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Cheapest way to transfer money internationally (Hint: it’s not your bank)d

Are you looking for the cheapest way to transfer money internationally and get the best foreign exchange rate? Here’s why your bank and Paypal are not the best choices.

By Annie André ⦿ updated February 21, 2024  
sending money overseas: international money transfer
sending money overseas: international money transfer
tags: banking, money

In 2022, after living in France for 11 years, my husband and I bought a home in Montpellier, which was an exciting and rewarding experience.

To secure our French mortgage loan, we had to send a large international wire transfer to our French bank account to cover the down payment. 

Sending an international wire transfer isn’t rocket science; however, determining the fastest and the cheapest way to transfer money internationally in one currency to our French bank account in euros was trickier than we thought. 

The issue was the cost of transferring money internationally. Specifically, the hidden bank transfer fees and getting the best exchange rate for our international transfer, which seemed to vary wildly from service to service. 

bank fees and costs for sending money overseas: international money transfer

These additional hidden fees and fx markups don’t seem like a big deal when you’re dealing with small international payments and international wire transfers.

But when you’re dealing with north of 10k, 20k and 50k, those additional fees and markups of 2% to 5% needlessly add thousands to the cost of your international money transfer. 

Here are some of the things to consider when trying to get the best value on international money transfers. How to avoid paying additional hidden fees, and how to get the best exchange rate.

International money transfer exchange rate markups

When it comes to transferring money internationally to a foreign currency, your options can be grouped into a few categories:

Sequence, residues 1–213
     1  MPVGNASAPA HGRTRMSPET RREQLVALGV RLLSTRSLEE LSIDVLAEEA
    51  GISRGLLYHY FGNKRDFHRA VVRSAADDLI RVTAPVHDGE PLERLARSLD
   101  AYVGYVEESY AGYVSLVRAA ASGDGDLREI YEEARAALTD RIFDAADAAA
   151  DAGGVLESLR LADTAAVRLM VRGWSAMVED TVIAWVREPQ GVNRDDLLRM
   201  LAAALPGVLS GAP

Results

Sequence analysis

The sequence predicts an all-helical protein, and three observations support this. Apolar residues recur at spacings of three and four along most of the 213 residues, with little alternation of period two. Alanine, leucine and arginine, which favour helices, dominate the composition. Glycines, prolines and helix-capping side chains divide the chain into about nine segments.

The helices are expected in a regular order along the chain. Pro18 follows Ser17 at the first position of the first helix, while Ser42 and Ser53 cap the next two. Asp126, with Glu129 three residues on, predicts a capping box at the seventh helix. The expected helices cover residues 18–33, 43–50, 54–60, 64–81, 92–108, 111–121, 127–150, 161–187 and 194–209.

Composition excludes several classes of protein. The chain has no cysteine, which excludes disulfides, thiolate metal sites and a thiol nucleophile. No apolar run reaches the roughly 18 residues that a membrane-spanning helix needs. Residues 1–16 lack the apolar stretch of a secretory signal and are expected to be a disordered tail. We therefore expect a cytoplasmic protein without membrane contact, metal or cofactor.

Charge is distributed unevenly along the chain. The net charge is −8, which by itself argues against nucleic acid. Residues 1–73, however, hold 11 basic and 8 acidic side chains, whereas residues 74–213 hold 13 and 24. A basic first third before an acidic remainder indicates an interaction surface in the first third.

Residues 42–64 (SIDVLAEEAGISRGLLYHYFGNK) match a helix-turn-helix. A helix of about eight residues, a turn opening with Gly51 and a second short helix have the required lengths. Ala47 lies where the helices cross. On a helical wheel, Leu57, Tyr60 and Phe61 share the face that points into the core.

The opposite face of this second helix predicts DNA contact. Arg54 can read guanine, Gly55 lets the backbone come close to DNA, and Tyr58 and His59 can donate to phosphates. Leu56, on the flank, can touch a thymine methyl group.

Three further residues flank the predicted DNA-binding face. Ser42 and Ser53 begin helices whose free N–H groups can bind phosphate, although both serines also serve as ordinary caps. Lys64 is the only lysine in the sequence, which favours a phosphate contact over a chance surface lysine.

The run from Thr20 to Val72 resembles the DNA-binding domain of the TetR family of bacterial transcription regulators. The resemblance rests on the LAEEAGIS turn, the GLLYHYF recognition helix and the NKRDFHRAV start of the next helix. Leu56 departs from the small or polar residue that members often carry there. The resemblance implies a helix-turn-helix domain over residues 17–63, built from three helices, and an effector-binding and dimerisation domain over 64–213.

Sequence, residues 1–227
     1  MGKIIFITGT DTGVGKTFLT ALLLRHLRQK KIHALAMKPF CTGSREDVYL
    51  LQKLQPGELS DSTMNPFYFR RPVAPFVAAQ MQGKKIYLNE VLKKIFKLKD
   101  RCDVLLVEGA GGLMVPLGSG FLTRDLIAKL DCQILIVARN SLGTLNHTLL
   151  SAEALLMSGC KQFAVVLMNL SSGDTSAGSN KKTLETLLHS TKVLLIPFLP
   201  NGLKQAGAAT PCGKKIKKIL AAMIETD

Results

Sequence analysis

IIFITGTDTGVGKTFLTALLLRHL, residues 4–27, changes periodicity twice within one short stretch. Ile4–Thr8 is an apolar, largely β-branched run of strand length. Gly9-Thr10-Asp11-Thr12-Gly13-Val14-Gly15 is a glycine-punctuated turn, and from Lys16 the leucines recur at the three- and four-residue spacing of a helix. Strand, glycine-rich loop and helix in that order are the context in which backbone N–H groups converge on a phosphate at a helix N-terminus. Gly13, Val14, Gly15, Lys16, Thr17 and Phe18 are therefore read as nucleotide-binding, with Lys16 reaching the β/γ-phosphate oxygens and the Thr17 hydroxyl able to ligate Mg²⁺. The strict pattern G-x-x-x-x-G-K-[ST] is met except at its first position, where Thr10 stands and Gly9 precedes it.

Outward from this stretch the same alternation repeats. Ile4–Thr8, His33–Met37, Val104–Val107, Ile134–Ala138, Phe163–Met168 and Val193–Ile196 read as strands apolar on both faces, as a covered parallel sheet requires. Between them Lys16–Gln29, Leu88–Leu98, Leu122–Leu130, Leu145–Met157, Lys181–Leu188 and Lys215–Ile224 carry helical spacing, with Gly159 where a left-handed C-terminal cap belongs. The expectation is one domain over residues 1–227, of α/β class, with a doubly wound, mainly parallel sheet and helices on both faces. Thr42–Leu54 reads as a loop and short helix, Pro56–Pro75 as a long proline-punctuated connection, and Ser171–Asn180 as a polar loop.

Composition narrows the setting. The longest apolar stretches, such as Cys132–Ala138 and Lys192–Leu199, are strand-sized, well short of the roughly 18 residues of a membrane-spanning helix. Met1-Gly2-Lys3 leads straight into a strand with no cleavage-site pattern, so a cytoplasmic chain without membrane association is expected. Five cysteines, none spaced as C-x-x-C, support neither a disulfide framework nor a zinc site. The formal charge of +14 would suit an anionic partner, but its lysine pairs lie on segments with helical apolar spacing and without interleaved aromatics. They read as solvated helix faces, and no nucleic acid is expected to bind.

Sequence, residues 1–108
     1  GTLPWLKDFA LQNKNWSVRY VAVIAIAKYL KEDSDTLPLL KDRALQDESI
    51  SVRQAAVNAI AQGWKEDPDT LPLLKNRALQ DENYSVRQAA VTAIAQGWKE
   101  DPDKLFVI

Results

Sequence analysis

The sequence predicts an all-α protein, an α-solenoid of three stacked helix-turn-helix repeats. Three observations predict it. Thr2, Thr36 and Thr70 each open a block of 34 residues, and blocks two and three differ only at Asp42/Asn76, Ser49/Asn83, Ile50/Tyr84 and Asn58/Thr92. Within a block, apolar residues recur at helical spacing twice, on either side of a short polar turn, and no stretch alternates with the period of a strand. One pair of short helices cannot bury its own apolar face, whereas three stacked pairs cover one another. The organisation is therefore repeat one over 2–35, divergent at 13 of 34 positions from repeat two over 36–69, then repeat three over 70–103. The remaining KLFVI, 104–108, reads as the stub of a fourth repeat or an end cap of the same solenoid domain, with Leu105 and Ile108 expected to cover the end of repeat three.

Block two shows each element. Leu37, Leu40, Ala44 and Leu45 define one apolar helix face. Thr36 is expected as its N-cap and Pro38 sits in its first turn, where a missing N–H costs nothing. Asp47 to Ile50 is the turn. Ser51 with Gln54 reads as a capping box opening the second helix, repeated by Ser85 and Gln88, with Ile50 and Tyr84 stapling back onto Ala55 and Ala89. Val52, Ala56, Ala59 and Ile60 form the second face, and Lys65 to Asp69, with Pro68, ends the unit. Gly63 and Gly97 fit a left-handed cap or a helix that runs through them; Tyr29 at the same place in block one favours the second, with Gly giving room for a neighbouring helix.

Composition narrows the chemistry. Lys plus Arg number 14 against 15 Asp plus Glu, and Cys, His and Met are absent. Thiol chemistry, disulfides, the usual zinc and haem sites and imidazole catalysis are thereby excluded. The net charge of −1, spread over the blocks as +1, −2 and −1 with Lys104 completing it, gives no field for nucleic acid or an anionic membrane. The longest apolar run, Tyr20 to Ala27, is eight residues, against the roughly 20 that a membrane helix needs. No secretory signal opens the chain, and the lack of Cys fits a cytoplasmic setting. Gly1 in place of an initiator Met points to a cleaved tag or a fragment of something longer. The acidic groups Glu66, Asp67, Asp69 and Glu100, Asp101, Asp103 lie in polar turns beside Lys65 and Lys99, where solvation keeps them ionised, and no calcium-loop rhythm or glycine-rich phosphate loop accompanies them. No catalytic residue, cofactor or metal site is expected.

1. International bank wire transfer
  2. Online payment services. 
  3. Currency specialists (best value)

But before we dive into the cheapest way to transfer money internationally, you first need to understand the exchange rate used by these different international money transfer services. Not all of them give you the best and most competitive rates. 

Make sure you get the real exchange rate “Mid-Market Exchange rate.” 

Foreign exchange rate margin: is marked up when you send an international wire transfer

When people talk about the exchange rate between two different currencies, they usually mean the “mid-market exchange rate,” also known as the “interbank exchange rate.”  It’s the most competitive FX rate out there. It’s basically the average of all the current buy and sell prices for a currency. 

But here’s the thing. 

Banks and payment platforms can set their own foreign exchange rates and don’t have to use the “real exchange rate.”  They usually add a mark up on to the real exchange rate without being transparent. This means they usually don’t have the most competitive FX rates out there.

The result could mean paying thousands more to convert your hard-earned money into another currency before sending money overseas. 

If you want to save money on international money transfers, and get the most competitive foreign exchange rate out there, you should aim for an FX rate as close to the mid-market exchange rate as possible. The closer you are to the real exchange rate, the more cash the beneficiary will end up receiving.

If you want to see the closest thing to the mid-market exchange rate, search on Google or on Yahoo Finance.